The thought of singing for some people is petrifying, even for the experienced.
The fear of making a mistake or sounding bad is crippling and can really hold some singers back, even when they are not on stage.
But the path to a kick ass voice and an exhilarating experience is one that is full of cracks, breaks, squeeks, yells and punch-yourself-in-the-face moments. Embracing those IS the key…
So many students are restricted by the possibility of making a mistake when busting out a song or exercise. And, for sure, that mistake that is feared so much may actually happen and sound like a Banshee. Que the punch-in-the-face moment.
However, with a bit of technical knowhow it’s usually really easy to help a singer hoover up that mistake and remain intact mentally and physically but…
In steps the Self-critic.
A level of self-criticism can be important for a singer, but this attribute can leave many rigid because of the disappointment it causes. One scenario where this becomes an issue is when a singer is first exploring a new register in their voice, and the most tricky new register to be getting to grips with is chest voice. Almost entirely an issue with the female voice, discovering and settling the chest register can generate some squeezy and uneasy sounds on the road to comfort. If the singer has a strong tendency to judge their own sound too quickly and harshly then it is quite likely that resolving chest voice for that singer could take a long time and potentially not be solved at all. You must know the thought process when you sing something and think “Oh god, that sounds bladdy awful”. Looking at the bigger picture though it’s best to leave the critic at the door, as the sound of a new vocal coordination is often not perfect but is technically on its way to the right destination.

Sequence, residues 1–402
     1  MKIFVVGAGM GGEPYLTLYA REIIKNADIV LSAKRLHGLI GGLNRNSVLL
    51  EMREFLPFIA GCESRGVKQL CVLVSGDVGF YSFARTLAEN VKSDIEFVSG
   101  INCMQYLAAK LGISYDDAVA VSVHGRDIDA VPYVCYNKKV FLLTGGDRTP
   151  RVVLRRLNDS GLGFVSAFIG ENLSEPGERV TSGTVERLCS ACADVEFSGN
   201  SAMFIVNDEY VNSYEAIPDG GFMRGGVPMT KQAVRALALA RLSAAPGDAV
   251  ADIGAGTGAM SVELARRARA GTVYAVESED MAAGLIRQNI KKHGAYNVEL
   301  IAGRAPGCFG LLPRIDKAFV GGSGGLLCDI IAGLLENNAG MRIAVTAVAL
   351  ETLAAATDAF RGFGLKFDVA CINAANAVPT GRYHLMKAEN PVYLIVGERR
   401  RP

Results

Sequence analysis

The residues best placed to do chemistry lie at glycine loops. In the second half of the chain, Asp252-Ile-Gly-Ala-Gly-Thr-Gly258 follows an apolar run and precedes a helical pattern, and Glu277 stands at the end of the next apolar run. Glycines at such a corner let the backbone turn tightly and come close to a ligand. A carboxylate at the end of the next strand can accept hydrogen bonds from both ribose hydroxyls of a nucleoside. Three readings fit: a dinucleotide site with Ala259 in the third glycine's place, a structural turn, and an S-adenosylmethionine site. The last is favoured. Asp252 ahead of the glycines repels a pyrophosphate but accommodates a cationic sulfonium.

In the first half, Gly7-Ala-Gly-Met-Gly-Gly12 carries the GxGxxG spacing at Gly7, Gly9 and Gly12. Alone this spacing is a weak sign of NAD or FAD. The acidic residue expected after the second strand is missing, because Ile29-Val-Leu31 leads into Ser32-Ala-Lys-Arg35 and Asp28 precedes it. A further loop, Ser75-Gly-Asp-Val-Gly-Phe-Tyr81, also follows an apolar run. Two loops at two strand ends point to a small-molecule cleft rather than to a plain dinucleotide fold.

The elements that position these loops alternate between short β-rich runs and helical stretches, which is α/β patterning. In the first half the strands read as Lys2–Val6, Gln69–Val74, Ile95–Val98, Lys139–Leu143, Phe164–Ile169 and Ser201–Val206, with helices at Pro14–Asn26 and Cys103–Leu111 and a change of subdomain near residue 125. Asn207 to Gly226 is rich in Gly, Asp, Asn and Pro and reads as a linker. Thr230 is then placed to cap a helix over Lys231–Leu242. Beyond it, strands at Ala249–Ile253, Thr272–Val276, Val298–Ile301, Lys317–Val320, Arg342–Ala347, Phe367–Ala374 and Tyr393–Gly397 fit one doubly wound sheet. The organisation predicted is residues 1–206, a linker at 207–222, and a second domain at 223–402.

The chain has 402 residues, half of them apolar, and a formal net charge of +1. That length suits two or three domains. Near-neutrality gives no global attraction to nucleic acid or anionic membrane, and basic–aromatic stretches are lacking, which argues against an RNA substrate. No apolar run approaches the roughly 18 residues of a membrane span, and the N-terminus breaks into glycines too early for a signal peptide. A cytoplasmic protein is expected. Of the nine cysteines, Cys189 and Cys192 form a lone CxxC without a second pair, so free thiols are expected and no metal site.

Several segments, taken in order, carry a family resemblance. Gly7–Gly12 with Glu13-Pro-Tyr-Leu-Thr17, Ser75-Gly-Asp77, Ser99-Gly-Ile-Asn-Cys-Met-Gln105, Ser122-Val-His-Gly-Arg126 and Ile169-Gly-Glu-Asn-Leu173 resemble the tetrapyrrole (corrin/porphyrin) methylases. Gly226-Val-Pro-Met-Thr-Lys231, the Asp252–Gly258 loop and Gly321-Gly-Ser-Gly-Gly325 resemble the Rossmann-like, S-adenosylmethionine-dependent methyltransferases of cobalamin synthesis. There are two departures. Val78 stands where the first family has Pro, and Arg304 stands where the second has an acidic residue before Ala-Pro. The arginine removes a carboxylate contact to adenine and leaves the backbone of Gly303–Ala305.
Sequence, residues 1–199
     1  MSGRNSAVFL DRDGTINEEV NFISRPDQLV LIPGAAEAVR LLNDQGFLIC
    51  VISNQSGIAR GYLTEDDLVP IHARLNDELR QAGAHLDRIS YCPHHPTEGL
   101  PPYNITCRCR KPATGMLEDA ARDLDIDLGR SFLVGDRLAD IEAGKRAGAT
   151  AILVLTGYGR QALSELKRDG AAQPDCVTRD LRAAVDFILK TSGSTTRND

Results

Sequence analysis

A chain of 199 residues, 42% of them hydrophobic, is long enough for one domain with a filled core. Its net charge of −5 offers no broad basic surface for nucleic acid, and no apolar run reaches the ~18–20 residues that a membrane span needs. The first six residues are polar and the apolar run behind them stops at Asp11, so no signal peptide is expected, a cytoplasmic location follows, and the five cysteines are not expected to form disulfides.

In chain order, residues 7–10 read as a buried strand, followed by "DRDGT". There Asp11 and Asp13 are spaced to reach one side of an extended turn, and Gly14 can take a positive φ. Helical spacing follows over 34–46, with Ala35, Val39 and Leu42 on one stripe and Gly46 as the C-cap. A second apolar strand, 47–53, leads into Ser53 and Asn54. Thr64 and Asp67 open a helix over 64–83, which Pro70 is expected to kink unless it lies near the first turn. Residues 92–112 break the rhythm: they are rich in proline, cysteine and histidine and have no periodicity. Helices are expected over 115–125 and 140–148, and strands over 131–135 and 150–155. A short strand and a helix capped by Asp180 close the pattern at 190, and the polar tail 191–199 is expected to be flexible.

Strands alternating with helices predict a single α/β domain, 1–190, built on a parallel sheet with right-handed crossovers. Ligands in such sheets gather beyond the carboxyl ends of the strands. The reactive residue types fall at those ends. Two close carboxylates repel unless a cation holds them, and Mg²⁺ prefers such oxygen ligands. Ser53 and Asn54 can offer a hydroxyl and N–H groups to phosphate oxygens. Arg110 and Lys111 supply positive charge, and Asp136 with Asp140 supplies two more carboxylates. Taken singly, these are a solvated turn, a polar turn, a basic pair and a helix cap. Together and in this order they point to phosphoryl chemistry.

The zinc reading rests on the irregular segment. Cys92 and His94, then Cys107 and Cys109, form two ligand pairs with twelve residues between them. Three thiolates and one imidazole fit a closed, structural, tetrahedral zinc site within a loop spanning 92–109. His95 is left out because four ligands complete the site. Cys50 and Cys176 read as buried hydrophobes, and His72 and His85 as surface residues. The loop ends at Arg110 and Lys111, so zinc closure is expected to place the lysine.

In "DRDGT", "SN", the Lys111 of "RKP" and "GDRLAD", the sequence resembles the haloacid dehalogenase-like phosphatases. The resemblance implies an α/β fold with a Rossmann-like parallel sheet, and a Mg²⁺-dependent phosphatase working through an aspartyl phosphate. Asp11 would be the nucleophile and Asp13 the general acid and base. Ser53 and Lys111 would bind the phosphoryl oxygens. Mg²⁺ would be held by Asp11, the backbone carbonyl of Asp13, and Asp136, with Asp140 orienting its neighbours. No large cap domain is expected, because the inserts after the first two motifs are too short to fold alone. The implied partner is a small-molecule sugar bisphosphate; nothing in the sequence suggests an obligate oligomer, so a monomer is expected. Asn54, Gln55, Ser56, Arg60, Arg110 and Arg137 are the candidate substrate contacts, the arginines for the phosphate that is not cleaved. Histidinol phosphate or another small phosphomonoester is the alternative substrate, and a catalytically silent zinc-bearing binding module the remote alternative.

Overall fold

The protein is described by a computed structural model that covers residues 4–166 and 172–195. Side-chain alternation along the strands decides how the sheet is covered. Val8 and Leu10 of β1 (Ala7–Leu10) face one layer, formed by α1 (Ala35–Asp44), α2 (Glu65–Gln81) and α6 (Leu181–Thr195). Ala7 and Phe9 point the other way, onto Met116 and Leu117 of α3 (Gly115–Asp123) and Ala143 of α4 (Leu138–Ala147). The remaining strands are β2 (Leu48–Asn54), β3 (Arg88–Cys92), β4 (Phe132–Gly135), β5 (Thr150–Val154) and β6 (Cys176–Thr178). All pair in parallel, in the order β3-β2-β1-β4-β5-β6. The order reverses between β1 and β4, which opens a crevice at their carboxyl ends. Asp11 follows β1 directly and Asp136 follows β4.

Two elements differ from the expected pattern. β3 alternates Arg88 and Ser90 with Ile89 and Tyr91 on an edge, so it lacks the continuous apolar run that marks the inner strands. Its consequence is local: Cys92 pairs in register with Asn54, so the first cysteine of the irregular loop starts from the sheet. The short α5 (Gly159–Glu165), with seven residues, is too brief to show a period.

Looking at different situations when singers are trying to extend range or sustaining notes higher up, this practice will also inevitably have its own instances where you may accidentally sound like a bullfrog but hey, that’s all part of the process. Again, singers avoid parts of their voice or certain repertoire because they have fluffed it in the past and sometimes that has been on stage, which will definitely be part of the root of fear. But as technical bods we know that the singer is probably a vowel change away from success, but with an unwillingness to attempt it through fear of screwing up they may never get to find out. Say the singer did attempt it; creating consistency hitting those tricky pitches then requires repetition which will never be 100% successful and you’ll break occasionally, but every time it goes wrong you learn a little more about why and will be able to readjust for success. That learning process is priceless and will ensure your consistency in future. If you are not prepared to make those mistakes then breaking new barriers can’t be experienced.
Putting aside the problem solving approach above, when it comes to being an artist self-criticism also stops the flourishing of musical improvisation and interpretation. It takes a singer who is very comfortable with their own sound and isn’t afraid to make mistakes to be able to explore new boundaries in style too. You don’t want your mind cluttered with a dialogue that is judging yourself, but rather be completely free of those thoughts and feelings so that you can connect with your audience, deliver a song with pertinence and improvise without limitation. Approaching a song like this will all have MASSIVE impact on your performances.
In brief, find a teacher who can help you with whatever it is you want to achieve but also make sure that person is someone who you can trust and be comfortable with. This will make the naffing-it-up nature of great vocal education much more comfortable. Also, put your trust in that teachers ability to critique you and lead you to the right sound, which may not be instantaneous.
With that easy environment in place (and creating that will hopefully be in the teachers prerogatives) you are free to explore and experiment until your hearts content. You’ll sing new things you don’t like, and you’ll sing new things you do. This WILL add to your voyage of discovery and WILL help you achieve a voice that is a joy to use and to listen to you.
Please reach out to us with your stories of achievement and the mistakes you had to make along the way. Of course if we can help in any way then please contact us.
Chris is also a writer for iSing Magazine, a founder/presenter of The Naked Vocalist podcast, a voting member of Pan American Vocology Association, and a teacher trainer/vocal coach with the Vocology In Practice network.
All that aside, he's a pure and true music fan with a penchant for Donny Hathaway and songs about heartbreak.
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